Happy Friday bloggers,

There is lot to discuss today.   We just experienced the May version of the “non ice” ice storm. Kansas City once again was in one of the least exciting and weather producing regions. It should have been expected. I expected it, tried to forecast this, but it was not easy. The amount of precipitation that fell from this system and the one from the January version were almost exactly the same.

Kansas City Rainfall From This Part Of The LRC:

  • January:  0.93″ over four days, some minor icing, and then just a cold rain on the Chiefs playoff game Sunday. It did completely dry out on that Sunday and the Chiefs game was moved to Sunday night. It didn’t help them as they fell 18-16 to the Steelers.  Most of this rain fell on that Sunday morning (.67″)
  • May:  0.75″ in 30 minutes and nothing else

And, now, what? Well take a look at the next six days plus, ending Thursday morning:

Between now and next Thursday morning, the 00z GFS model had barely 0.01″ in the entire KC viewing area.  The same pattern continues to cycle. Thank you for going on this weather adventure with us. Now, once again look at this map above:

  • Lake Tahoe getting hit again in mid-May? Not unheard of, but it certainly fits this pattern
  • What is that along the east coast? Oh, a repeat of the massive winter storm!
  • The desert southwest being bone dry? Well, it’s the desert southwest before the monsoon begins? What is the monsoon? It is the seasonal shift in the pattern once summer settles in and they get some rather fascinating summer thunderstorms, but this is weeks away as summer does not begin for another month and a week!
  • The jet stream is quite obviously shifting north as you look at the USA/Canada border precipitation pattern. It will finally weaken and lift far enough north as summer settles in, but this is still four weeks away.

What is this next map above? Where did all of that rain come from? This is the rainfall total for the entire 15 day stretch ending May 27th! In our Weather2020 forecast, we predicted a dry first half of May in KC. And, we predicted a stormy ending to May!  It appears this is right on the LRC calendar. Yes, this east coast storm developing is directly related to what happened after the “non ice” ice storm and then Winter Storm “Stella”!

This is the May version of “Stealla”. TWC names the winter storms. Remember when we named our winter storms years ago before TWC started doing this consistently? Well, near KC you need to have winter storms to name them. Maybe we should come up with names for next winter and then they will come!  Anyway, look at this forecast map  valid 2 PM eastern time Saturday. That is one wet and strong storm intensifying near the coast. It almost becomes cold enough to snow, but not quite.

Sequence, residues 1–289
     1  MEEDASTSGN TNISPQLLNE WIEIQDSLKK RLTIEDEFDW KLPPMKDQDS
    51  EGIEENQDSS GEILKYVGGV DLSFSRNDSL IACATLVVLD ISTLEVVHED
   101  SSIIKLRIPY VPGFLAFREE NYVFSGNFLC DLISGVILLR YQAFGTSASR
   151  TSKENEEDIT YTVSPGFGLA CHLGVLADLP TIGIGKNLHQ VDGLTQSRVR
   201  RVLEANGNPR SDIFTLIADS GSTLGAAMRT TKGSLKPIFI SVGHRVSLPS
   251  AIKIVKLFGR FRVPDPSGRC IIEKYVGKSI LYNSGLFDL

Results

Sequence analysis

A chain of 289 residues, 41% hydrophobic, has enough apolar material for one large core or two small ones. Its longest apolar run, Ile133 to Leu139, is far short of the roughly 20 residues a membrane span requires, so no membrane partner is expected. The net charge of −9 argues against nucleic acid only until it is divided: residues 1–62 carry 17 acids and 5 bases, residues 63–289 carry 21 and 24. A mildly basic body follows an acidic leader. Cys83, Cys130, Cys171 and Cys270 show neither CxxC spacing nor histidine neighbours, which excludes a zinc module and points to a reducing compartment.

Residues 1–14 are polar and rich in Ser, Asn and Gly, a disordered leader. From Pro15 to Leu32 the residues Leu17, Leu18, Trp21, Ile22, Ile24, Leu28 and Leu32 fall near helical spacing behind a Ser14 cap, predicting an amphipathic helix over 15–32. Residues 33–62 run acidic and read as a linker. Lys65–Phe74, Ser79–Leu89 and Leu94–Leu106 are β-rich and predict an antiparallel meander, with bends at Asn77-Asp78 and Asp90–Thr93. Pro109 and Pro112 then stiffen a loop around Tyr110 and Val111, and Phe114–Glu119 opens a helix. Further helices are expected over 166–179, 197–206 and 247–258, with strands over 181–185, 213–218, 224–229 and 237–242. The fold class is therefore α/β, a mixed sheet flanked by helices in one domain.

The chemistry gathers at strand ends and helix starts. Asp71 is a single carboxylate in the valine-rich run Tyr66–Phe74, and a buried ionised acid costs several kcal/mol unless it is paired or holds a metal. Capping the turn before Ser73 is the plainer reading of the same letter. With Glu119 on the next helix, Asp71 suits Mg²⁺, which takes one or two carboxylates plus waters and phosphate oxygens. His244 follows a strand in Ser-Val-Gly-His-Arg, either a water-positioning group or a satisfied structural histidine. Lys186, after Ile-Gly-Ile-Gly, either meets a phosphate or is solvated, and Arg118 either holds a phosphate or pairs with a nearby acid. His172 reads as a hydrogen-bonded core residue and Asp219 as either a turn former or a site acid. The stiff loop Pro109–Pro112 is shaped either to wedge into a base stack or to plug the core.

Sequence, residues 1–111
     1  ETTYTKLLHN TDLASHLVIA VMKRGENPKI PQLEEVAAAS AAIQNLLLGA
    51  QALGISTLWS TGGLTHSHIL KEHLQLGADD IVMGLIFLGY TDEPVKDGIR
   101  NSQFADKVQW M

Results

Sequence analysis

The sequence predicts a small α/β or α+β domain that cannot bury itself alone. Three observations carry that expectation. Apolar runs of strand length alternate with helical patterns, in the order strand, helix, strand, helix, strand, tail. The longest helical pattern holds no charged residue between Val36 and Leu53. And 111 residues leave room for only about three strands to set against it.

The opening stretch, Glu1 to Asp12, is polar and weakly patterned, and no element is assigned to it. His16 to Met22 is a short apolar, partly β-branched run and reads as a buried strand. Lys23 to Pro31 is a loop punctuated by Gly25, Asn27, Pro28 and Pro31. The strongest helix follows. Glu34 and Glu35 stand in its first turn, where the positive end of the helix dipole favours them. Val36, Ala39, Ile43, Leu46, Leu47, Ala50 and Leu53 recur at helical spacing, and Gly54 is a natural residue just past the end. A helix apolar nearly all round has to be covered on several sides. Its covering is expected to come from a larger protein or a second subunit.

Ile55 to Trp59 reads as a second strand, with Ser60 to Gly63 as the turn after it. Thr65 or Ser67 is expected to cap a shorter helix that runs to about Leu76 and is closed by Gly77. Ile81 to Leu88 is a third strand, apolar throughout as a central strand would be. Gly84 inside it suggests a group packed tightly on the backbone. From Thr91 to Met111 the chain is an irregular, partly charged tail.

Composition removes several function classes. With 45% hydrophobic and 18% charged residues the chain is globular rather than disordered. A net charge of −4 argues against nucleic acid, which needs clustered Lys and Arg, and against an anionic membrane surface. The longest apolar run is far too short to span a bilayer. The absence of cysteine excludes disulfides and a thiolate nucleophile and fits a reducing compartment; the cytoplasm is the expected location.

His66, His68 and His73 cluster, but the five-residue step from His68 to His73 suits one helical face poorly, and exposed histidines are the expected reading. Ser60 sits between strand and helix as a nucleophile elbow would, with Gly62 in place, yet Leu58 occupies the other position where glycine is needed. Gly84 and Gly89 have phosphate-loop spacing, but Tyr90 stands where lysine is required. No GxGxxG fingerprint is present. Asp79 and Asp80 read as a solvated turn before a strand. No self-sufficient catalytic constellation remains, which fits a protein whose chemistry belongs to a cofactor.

What happens in the next few days will be fascinating to track.  This map on the left shows what happened four to five days after the ice storm, which is due in early to mid-next week.  The part of the pattern that produced Stella in the March cycle, also existed in this second and January LRC cycle. It is off the New England coast. But, that is not what I want you to look at. LOOK closely at the little upper low caught in the flow just north of Kansas and Missouri near southwestern Minnesota. And, there was a tremendous amount of energy blasting over the west coast as well, that is forecast to happen again and is a storm we have to monitor closely later next week.

The models have been trying to showcase this part of the cycling pattern. This map on the right is the GFS model valid next Tuesday night into Wednesday. Look at the weak little upper low near Kansas City on this forecast map.  Now, look closely.  That little upper low is caught in the ridge.  Now, we are the experts at the LRC and I am not expecting you to see the big puzzle. It is really complex, but to me this is just another incredible example of some of the smaller scale features that also can be found within the bigger picture. That little upper low is caught in the ridge, just like that little upper low on the map to the left.

The energy coming into the west coast early next week forms into a big upper low over the inland western states. And, this is why I turned the red light on for severe weather in the plains later next week.

Oh boy. I got into the LRC weeds this morning.  Hopefully this makes just a little sense to you.  This weekend we get a break from severe weather risks. Next week, we will have some interesting weather set ups to monitor that will be unique to this season, just like what happened yesterday.  Yesterday, that upper low moved to the Kansas/OK border, stopped, spun around, and then turned southeast. This transition affected the severe weather risks yesterday. There were many severe thunderstorms, but the tornadoes were rather weak, but still scary.

Thank you for participating in this weather experience. Let me know if you have any questions. Happy Mother’s Day weekend! Sunny and I are Emceeing the big Fur Ball Saturday night!